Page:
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The Harm of Fake Trafficking Stories

How Anti-Human Trafficking Efforts Work

Last year, the world’s attention has turned toward human trafficking in new numbers. Particularly in the United States, #savethechildren made headlines as supporters took to the streets seemingly in support of victims of child trafficking. On social media, story after story was shared about people who believed they or their children had narrowly escaped being trafficked in a grocery store parking lot. While I am grateful for the attention that these stories have brought to the human trafficking movement, I want to be honest about the impact because intentions and impact are two different things. The truth is that these stories cause damage to the anti-trafficking movement and silence the voices of real survivors.

If you wade through the fake human trafficking stories, what you find is that there is a common thread of identification. The “victims” of the stories are relatable to the average person. This draws the reader into the story because they can imagine themselves or a child in their lives as the victim. That is why nearly all movies involving human trafficking show middle class girls from loving families getting snatched off the streets. It is a compelling image to most people, but it is rarely reality.

Traffickers are smart. They do not tend to go after children who have parents who will look for them. They go after the runaways and homeless, the kids who have aged out of foster care and are on their own, and the ones in the middle of migration whose parents don’t even know where they are. Real human trafficking stories are always complicated, but they aren’t as approachable for the average person because we are fortunate to have little or no experiences with the typical traumas that often eventually lead to trafficking.

The middle class girl snatched from her neighborhood sidewalk is a much easier sell than the story of the teenage girl who was moved around to different foster homes until she ran off with her boyfriend who pimped her out so they could both get their next opiate fix. The first is a Hollywood movie; the second is reality. In Indonesia, the stories of survivors begin with poverty and/or child marriage, and they end with migration and the complicated choices that a teenage girl should never have to make in order to stay alive.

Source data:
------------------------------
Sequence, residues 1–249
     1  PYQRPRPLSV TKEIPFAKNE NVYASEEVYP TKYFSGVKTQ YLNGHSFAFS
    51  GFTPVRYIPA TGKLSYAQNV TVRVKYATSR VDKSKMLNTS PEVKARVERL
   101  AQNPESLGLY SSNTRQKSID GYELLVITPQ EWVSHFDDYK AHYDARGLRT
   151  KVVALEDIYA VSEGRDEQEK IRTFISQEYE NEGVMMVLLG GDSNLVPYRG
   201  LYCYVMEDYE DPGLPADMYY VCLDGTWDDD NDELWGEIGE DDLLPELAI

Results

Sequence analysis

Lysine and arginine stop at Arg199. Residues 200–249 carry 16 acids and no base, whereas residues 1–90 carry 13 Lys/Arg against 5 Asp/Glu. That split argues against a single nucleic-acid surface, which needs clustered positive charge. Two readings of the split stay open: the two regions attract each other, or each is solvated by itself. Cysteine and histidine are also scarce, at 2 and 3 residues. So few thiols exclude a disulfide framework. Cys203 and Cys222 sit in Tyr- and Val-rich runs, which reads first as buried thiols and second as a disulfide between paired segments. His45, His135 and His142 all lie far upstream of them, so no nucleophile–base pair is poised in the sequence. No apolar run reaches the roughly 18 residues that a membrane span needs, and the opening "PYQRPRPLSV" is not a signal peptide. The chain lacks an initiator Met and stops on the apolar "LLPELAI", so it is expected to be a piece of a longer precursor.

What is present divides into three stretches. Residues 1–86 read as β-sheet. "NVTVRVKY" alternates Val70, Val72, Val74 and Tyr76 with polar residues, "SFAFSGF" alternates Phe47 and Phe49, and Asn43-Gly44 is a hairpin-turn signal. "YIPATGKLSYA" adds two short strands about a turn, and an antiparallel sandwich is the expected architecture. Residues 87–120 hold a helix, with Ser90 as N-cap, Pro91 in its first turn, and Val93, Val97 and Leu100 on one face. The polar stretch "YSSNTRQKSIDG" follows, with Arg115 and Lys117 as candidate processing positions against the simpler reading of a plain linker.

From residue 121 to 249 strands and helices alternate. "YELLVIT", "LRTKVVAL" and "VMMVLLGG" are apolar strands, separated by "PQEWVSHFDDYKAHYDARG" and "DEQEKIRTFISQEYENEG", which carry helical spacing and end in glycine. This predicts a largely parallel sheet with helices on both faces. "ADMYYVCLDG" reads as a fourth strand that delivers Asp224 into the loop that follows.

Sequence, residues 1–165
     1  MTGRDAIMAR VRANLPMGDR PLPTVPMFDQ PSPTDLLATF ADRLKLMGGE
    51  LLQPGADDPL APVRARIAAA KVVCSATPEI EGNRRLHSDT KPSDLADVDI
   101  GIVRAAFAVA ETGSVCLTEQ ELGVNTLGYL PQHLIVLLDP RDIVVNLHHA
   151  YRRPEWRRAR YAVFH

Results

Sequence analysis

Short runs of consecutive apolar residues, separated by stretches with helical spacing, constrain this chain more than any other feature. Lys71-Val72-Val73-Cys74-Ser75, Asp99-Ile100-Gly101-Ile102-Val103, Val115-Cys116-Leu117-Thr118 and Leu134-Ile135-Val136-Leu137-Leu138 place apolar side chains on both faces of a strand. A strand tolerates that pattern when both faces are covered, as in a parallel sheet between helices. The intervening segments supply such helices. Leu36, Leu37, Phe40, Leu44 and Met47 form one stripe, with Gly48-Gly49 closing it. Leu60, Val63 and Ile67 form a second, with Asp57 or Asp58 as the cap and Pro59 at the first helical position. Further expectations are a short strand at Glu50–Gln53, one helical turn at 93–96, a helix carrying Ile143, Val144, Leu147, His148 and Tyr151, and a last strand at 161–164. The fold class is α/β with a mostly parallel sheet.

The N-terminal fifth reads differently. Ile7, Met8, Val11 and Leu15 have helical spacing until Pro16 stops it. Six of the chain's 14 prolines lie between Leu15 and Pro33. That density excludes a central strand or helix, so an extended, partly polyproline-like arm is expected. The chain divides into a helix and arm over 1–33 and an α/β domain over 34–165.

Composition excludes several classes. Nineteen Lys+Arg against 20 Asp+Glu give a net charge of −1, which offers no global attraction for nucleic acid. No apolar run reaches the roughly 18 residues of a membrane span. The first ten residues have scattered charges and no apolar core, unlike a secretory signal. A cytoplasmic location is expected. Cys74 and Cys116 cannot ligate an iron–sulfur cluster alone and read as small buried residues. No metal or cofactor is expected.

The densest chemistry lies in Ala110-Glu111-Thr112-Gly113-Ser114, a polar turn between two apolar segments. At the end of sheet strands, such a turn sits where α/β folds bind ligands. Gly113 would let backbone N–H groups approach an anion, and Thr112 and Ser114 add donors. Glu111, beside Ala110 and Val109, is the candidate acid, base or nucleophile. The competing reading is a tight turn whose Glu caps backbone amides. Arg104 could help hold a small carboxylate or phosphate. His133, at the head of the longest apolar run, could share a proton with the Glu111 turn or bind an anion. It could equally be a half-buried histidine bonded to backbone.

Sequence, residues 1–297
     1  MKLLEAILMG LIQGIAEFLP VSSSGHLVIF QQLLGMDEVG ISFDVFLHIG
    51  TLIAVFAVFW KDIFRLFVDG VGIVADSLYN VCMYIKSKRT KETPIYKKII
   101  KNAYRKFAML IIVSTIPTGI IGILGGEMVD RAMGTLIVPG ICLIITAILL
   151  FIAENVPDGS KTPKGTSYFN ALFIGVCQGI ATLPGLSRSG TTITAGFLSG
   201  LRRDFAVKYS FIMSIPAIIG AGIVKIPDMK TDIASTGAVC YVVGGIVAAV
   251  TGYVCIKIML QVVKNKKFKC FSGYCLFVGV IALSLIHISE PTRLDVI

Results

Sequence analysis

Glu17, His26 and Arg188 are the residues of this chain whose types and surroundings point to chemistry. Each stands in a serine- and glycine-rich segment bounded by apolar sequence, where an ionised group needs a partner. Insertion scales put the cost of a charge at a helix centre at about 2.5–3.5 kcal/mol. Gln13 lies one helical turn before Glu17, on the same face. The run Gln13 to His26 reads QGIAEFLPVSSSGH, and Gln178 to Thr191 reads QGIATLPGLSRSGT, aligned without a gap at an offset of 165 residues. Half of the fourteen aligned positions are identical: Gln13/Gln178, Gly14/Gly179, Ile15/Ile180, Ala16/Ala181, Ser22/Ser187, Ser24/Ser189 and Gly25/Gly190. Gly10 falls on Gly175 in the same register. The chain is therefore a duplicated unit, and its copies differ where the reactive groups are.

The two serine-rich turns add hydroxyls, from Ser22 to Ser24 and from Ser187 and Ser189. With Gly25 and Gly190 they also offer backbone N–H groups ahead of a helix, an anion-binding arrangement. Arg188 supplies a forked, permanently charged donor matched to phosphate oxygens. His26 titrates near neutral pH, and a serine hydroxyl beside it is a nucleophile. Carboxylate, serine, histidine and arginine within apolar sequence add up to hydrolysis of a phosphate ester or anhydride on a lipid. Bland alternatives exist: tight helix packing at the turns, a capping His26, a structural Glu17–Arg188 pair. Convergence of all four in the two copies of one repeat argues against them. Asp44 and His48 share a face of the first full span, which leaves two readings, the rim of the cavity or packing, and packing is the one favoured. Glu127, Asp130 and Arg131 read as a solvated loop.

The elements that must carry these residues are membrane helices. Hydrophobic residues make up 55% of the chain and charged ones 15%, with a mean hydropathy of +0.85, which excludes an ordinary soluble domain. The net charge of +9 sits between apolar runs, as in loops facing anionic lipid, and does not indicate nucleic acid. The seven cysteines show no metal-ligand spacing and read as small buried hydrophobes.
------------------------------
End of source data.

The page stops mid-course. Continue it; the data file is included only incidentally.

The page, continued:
The truth is that we like the dramatic stories of the children from homes like ours because those problems are easy to solve. If human trafficking looked like Hollywood movies, all we really need is good prevention education, strong law enforcement, and a Liam Neeson in a pinch. In contrast, the stories of actual human trafficking survivors demand that we acknowledge and address issues like poverty, immigration, addiction, and broken systems. This requires more from us than a share on social media, a street sign, or a conversation about stranger danger with our children.

Luckily, the average person can become an ally to survivors and an asset in the anti-trafficking movement. It takes a commitment to listen to survivors to hear the real stories even when they are complicated and have no easy solutions and make us uncomfortable. It takes doing some homework to ensure that the organizations you support are legitimate and the stories that you share are true. These are the kind of allies that anti-trafficking organizations need – ones who can live in the tension of the complexities and honor the reality of the lived experiences of survivors without judgement. We need people who are in it for the long haul, tackling the problems that lead to trafficking in the first place, rather than those who are in it for a few likes.

(For more information about how you can support legitimate anti-trafficking organizations, see our post on 10 Ways You Can Support Anti-Trafficking Without Spending a Dime. You can also check out our ACT page for more ideas.)

The Female Victim Myth: What About the Boys?

The Female Victim Myth What About the Boys